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An Obvious Oil Trade That Still Has Potential

Many traders tend to overcomplicate things. They believe that because financial markets and the relationships between them are inherently complex, only complex systems and analysis should be trusted, and the only idea worth considering is the obscure one. In reality though, successful trades are often found by ignoring all of the complexities and simply doing the obvious. Right now, for example, there are two contradictory forces in the global oil market that suggest an obvious trade, yet I’m sure many people are looking beyond that.

Those two forces are both on the supply side of the equation.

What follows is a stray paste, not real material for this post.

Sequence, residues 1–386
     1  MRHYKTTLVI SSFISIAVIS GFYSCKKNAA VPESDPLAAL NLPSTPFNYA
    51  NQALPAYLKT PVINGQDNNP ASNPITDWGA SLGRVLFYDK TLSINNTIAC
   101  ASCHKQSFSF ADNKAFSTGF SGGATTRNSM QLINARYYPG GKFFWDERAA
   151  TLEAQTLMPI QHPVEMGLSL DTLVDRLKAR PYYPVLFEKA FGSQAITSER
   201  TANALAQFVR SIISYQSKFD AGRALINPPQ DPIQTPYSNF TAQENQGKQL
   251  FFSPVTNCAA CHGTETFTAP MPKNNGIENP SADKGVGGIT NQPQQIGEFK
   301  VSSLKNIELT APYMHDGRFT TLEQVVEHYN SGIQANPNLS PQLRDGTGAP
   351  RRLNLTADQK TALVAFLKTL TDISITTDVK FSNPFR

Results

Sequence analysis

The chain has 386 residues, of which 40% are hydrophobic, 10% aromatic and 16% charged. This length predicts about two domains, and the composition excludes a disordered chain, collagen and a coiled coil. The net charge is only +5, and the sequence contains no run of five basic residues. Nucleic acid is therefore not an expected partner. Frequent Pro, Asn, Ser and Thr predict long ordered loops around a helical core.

Globally, supply is tightening. The U.S. sanctions on Iran were reinforced this week when the White House essentially revoked the waivers that were granted when the policy was originally put in place. That will lead to reduced exports from Iran at a time when the OPEC plus group, aggressively led by Saudi Arabia, are still cutting their production.

In the U.S., on the other hand, as this week’s inventory numbers once again indicated, output is increasing. Crude inventories increased by 5.5 million barrels, even as refinery inputs jumped by over half a million barrels a day. It is always dangerous to read too much into one weekly data point, but this is a continuation of a trend and is only logical. As the OPEC group’s actions have forced the global price of crude higher, so it makes increasing sense for producers in the U.S. to step up output to take…

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